According to the Centers for Disease Control and Prevention (CDC 2009), "maternal prenatal alcohol use is one of the leading preventable causes of birth defects and developmental disabilities. There is no known safe amount of alcohol to drink while pregnant nor is there a safe time during pregnancy to drink. When a pregnant woman drinks alcohol, so does her unborn baby." According to the March of Dimes http://www.marchofdimes.com/alcohol_tips.html, "When a pregnant woman drinks, alcohol passes swiftly through the placenta to her baby. In the unborn baby's immature body, alcohol is broken down much more slowly than in an adult's body. As a result, the alcohol level of the baby's blood can be even higher and can remain elevated longer than in the mother's blood. This sometimes causes the baby to suffer lifelong damage." The damage which occurs in children as a result of drinking during pregnancy is called Fetal Alcohol Syndrome (FAS) or Fetal Alcohol Effects (FAE). FAS is the more severe defect. The March of Dimes (MOD 2002) goes on to say, "FAS occurs in about 6 percent of the babies born to women who are alcoholics or chronic alcohol abusers. These women either drink excessively throughout pregnancy or have repeated episodes of binge drinking (defined as having more than five drinks on one occasion)."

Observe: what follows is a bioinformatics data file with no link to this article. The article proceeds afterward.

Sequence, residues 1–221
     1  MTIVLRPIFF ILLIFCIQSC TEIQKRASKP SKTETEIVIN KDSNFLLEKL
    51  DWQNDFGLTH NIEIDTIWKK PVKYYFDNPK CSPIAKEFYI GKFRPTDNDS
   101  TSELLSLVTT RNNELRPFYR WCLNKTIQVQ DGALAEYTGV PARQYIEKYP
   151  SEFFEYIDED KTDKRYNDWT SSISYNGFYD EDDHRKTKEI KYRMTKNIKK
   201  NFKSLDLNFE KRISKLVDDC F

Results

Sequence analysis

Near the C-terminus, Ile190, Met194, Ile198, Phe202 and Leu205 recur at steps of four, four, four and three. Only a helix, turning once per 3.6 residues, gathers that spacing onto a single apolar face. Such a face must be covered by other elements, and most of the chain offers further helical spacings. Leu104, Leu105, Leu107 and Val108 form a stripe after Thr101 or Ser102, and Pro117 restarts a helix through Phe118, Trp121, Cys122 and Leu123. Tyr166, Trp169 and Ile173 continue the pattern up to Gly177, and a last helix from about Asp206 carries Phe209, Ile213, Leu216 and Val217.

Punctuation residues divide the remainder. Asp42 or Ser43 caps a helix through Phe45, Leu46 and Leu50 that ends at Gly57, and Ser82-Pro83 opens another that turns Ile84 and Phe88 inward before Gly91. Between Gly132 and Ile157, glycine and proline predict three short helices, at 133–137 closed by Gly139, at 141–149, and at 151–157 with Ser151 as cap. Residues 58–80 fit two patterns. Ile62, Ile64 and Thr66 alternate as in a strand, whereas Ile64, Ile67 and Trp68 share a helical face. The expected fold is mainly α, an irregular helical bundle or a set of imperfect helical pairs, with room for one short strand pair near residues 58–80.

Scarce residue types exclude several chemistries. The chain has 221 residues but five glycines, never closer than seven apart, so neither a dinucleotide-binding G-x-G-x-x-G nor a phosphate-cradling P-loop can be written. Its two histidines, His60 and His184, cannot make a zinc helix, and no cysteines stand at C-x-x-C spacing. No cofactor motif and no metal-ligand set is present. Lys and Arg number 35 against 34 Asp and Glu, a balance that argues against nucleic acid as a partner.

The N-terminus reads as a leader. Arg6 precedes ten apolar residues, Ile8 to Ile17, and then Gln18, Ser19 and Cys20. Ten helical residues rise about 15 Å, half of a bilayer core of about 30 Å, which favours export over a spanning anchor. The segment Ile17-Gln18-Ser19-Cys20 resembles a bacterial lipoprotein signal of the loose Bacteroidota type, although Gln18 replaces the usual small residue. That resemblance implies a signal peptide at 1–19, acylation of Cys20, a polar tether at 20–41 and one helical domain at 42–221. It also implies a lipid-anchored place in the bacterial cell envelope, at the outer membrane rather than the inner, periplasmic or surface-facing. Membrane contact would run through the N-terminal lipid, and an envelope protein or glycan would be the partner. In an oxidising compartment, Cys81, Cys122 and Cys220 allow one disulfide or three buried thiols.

FAS babies, according to the March of Dimes (MOD 2002), "are abnormally small at birth and usually do not catch up on growth as they get older. They may have small eyes, a short or upturned nose and small, flat cheeks. Their organs, especially the heart, may not form properly. Many babies with FAS also have a brain that is small and abnormally formed, and most have some degree of mental disability. Many have poor coordination and a short attention span and exhibit behavioral problems. The effects of FAS last a lifetime. Even if not mentally retarded, adolescents and adults with FAS have varying degrees of psychological and behavioral problems and often find it difficult to hold down a job and live independently."
The March of Dimes (MOD 2002) has stated,